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How scientists are aiming to forecast weather one month in advance

Atmospheric scientists are teaming up to develop weather forecasts up to four weeks ahead. 

The University of Reading is working to better understand the predictability of weather worldwide, in partnership with the European Centre for Medium-Range Weather Forecasts, the Met Office, and the National Centre for Atmospheric Science. Their new research programme, known as Advancing the Frontiers of Earth System Prediction (AFESP), aims to create accurate and reliable forecasts for weather one month ahead. 

Improving long-range weather forecasts

At the moment, meteorologists are able to make useful forecasts up to one week in advance. “A major goal of our work is to be able to say what the weather will be like a month ahead,” explains Rowan Sutton, climate scientist at the National Centre for Atmospheric Science and the University of Reading. 

“It will not be possible to predict one month ahead whether a particular day will be sunny or rainy. However, we hope to be able to say we are likely to experience a period of very wet and windy weather – or enjoy sunny weather – four weeks in advance” he adds.

Improving the accuracy of weather forecasts 

The AFESP team is paying close attention to the variables involved in calculating weather patterns, and making use of vast quantities of meteorological data. 

What is involved in creating a weather forecast? Data from weather stations across the world, deepwater buoys, weather balloons, transponders on aircraft and ships and sensors on satellites, feeds into numerical models that run on some of the world’s largest supercomputers. Forecasting models use mathematical equations, taking into account a huge number of variables, to predict how current weather conditions will evolve and move in the near-future. These model predictions feed through onto apps and websites as weather forecasts for the public.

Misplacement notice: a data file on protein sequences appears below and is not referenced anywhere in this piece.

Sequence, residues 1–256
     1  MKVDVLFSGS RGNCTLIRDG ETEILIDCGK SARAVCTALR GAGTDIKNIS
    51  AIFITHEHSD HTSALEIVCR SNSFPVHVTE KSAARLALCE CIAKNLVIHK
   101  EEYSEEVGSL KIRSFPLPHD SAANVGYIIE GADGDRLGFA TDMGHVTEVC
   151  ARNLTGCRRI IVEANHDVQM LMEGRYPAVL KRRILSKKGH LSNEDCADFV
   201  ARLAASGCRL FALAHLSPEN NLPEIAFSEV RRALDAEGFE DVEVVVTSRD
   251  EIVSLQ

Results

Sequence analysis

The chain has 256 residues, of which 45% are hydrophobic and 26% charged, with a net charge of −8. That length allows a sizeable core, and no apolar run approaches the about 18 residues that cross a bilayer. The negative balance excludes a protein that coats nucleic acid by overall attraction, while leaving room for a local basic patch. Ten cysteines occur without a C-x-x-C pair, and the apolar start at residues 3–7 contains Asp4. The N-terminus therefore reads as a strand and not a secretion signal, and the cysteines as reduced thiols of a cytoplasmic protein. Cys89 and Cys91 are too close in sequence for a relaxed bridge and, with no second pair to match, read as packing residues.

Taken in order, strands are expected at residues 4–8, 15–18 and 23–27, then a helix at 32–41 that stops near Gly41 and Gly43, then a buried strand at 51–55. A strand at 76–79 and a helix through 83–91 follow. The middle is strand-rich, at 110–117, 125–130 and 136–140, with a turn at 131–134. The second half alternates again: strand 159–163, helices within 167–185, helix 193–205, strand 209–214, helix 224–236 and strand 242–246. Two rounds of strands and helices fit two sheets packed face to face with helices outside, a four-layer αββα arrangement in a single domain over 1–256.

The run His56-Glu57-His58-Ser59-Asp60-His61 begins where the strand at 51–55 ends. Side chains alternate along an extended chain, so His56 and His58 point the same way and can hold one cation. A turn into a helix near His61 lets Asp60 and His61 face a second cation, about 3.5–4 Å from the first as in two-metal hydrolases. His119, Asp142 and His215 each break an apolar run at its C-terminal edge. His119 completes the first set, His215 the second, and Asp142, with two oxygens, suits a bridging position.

By including more data, and more variables in the data used to create weather predictions, the AFESP researchers are tackling uncertainties in forecasts – especially the longer-term ones.

“We are starting to resolve things at finer and finer resolutions, not just in the atmosphere and on the land surface, but also in the oceans, which gives us a much better understanding of how these two fluids transport heat from the equator to the pole and influence the ways that storms develop and bring winds and rain to our shores.

That new physical understanding will also help improve our forecasts,” explains Pier Luigi Vidale, climate scientist at the National Centre for Atmospheric Science and the University of Reading. 

He adds: “At present, we don’t fully understand how predictable the real world is. So we are trying to develop a new theoretical understanding of what the main drivers are,  and use that to find out what are the limits to predictability. But it is not just an intellectual exercise. If we get this right, we are going to make a huge, huge difference to people’s lives.”

Forecasting extreme weather with climate change 

As climate change continues to worsen and more extreme weather events occur, accurate weather forecasting is becoming increasingly important.

Extreme weather events such as storms, floods and droughts can cause billions of pounds worth of damage, and can be a risk to lives. Knowing far enough in advance that a particular weather event may occur allows for time to prepare against the event, helping to protect infrastructure, lives and livelihoods.